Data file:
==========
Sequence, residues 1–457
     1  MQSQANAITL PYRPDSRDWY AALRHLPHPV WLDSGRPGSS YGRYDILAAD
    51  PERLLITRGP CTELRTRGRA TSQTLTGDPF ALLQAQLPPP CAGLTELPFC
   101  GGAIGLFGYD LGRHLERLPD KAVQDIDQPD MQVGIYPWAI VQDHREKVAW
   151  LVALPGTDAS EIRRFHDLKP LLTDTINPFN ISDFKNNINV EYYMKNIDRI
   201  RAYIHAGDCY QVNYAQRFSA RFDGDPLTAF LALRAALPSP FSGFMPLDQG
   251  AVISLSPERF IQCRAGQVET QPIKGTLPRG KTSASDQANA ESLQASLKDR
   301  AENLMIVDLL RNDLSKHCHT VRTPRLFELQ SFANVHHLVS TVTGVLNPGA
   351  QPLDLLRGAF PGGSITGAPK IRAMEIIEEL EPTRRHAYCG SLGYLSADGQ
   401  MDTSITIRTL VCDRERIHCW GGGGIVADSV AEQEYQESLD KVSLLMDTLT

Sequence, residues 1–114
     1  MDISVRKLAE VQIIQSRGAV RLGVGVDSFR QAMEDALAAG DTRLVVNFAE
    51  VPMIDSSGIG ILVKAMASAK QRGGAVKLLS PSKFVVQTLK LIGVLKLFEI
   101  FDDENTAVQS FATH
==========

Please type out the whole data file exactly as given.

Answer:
Sequence, residues 1–457
     1  MQSQANAITL PYRPDSRDWY AALRHLPHPV WLDSGRPGSS YGRYDILAAD
    51  PERLLITRGP CTELRTRGRA TSQTLTGDPF ALLQAQLPPP CAGLTELPFC
   101  GGAIGLFGYD LGRHLERLPD KAVQDIDQPD MQVGIYPWAI VQDHREKVAW
   151  LVALPGTDAS EIRRFHDLKP LLTDTINPFN ISDFKNNINV EYYMKNIDRI
   201  RAYIHAGDCY QVNYAQRFSA RFDGDPLTAF LALRAALPSP FSGFMPLDQG
   251  AVISLSPERF IQCRAGQVET QPIKGTLPRG KTSASDQANA ESLQASLKDR
   301  AENLMIVDLL RNDLSKHCHT VRTPRLFELQ SFANVHHLVS TVTGVLNPGA
   351  QPLDLLRGAF PGGSITGAPK IRAMEIIEEL EPTRRHAYCG SLGYLSADGQ
   401  MDTSITIRTL VCDRERIHCW GGGGIVADSV AEQEYQESLD KVSLLMDTLT

Sequence, residues 1–114
     1  MDISVRKLAE VQIIQSRGAV RLGVGVDSFR QAMEDALAAG DTRLVVNFAE
    51  VPMIDSSGIG ILVKAMASAK QRGGAVKLLS PSKFVVQTLK LIGVLKLFEI
   101  FDDENTAVQS FATH